QUAIL CUCKOO CLOCKS:
Quail cuckoos are quite involved and can be very challenging repair items. Have
a test rack set up to run and observe them on. Spend a siginficant amount of time
inspecting the mechanism before you take it apart. Check the bellows for tears or worn spots.
They contain of course 3 bellows and usually have the strike controlled by count wheels. The
quail gear train usually trips the cuckoo train . The quail is tripped at the quarter hour
(every 15 minutes). The quail sounds once at quarter after , twice at half past the hour ,
three times at quarter to the hour , and four times at the hour. Immediately after this
the cuckoo gear train is released and and allowed to count the hour.
Always check for worn pinions on these clocks . They will have to be replaced
if they are worn., That is it ; the clock will not work dependably if they are not fixed.
Also check for worn ratchets; this is a common problem on the older cuckoos. Some of these
clocks have hard steel in the pivots and pinions. Be careful ; they can break easily because
they are very brittle.
The shutoff cams in the quail and cuckoo gear trains can be quite difficult to
set. They must be set so that they they don't lift the shutoff lever too high to cause it to
jump over the stop pin, but enough so that they still shut off. Do not try to bend the
shutoff lever too far; it is usually very hard brass and will break quite easily.
The brass in the plates of these clocks is usually very high quality (IE: very
hard and wears well ) so only rebush them with bronze bushings and if the bushing
has marginal wear ; it is best to leave it just a tiny bit on the loose side. Be very
cautious of the bushings that are near to the edge of the plate ; the edge of the plate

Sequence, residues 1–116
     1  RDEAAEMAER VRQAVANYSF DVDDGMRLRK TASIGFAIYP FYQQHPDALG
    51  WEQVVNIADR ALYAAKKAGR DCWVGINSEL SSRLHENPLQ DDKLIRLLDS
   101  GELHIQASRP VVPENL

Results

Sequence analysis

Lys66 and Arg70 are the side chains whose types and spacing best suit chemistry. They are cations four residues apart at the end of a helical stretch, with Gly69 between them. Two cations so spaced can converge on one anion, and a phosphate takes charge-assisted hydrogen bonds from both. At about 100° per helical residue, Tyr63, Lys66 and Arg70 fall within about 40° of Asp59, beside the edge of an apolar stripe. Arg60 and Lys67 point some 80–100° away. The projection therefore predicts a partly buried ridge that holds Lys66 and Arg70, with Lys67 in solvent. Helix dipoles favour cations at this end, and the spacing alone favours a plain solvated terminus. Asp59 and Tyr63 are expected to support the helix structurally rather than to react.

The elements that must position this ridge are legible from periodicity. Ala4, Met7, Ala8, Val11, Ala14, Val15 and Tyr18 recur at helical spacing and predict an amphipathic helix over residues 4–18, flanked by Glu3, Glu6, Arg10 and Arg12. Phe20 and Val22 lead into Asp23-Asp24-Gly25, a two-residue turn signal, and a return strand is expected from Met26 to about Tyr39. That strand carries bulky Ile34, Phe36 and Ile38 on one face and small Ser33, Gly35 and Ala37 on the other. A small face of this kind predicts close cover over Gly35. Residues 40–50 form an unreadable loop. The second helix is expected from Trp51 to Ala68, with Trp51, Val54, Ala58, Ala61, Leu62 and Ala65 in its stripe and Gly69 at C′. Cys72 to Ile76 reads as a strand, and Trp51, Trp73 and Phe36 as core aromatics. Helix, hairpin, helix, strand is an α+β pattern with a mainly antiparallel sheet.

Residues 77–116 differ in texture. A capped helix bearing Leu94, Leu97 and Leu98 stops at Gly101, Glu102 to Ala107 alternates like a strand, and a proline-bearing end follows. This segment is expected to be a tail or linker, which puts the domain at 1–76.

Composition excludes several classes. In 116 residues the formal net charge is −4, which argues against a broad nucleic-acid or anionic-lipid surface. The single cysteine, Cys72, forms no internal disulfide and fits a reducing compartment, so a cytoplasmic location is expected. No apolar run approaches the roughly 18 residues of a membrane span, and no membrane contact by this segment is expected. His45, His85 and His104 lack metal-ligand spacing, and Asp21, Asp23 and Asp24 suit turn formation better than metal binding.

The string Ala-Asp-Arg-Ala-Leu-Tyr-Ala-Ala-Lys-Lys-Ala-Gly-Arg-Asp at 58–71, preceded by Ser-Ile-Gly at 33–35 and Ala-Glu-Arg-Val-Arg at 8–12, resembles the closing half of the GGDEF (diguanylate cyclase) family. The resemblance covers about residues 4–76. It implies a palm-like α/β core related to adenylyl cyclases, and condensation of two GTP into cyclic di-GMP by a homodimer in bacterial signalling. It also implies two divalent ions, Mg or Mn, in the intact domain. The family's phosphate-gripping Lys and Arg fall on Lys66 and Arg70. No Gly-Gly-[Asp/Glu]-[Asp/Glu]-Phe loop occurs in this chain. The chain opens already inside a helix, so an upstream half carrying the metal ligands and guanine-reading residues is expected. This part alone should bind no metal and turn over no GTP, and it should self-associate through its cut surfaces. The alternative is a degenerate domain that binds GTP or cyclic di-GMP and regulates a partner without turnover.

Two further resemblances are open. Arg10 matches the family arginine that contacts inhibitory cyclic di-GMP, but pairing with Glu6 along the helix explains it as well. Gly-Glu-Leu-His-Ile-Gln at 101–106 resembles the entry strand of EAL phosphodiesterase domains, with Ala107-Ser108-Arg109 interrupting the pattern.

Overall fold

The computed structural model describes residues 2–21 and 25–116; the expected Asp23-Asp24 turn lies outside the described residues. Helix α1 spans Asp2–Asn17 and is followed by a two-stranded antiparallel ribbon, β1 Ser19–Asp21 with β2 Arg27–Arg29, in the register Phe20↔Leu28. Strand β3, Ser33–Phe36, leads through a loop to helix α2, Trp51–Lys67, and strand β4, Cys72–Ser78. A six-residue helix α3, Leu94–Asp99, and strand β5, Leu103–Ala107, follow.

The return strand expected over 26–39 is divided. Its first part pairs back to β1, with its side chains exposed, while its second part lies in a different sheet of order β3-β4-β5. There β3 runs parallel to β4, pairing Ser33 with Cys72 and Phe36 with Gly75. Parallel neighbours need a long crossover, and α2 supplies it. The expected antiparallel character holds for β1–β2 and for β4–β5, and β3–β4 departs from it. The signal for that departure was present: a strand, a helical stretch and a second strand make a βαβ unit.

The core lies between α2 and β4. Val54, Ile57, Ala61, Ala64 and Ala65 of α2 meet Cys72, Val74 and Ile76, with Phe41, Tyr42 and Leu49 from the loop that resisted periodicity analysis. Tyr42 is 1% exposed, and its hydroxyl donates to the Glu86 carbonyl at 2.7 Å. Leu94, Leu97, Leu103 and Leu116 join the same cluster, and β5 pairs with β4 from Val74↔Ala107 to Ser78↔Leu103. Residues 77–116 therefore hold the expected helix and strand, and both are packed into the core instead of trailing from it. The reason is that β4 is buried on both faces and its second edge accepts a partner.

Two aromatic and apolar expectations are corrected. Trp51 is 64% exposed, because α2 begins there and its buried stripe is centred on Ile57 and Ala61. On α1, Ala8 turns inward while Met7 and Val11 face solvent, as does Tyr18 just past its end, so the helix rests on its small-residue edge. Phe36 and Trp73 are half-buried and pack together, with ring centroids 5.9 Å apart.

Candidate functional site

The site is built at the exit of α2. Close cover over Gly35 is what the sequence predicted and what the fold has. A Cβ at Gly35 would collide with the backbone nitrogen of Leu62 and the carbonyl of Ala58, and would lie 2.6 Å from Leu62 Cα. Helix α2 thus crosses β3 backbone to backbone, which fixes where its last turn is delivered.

is very easily broken if a bushing of too large a diameter is used. If you are not sure ;
use the smallest bushing that can be drilled out to fit the pivot. It would be well to
check for this type of situation before you get too far into the repair job.
The count wheel is critical to the proper operation of the bird action. The
shutoff lever where it rides on the surface of the count wheel
must bot be allowed to bounce at all, or the bird will flop in and out
of the little door. The lever must ride solidly on the count wheel without making it
bind. Be sure the count wheel is mounted securely. The looser the count wheel the
more chance of failure. Do not, however, make the count wheel so that it puts even
the slightest undue pressure on the gear train's ability to move.
The hands on these old cuckoos are brittle and will break very easily. It is
best to look for cracks or places where the hands have been glued before you even
start the repair. This is very important. Check the clock when you first get it ;
and do this in front of the customer. If you find a crack or a place where the
hand has been glued point it out tactfully to the customer and make a note of this
condition on the repair order paper work that the customer signs.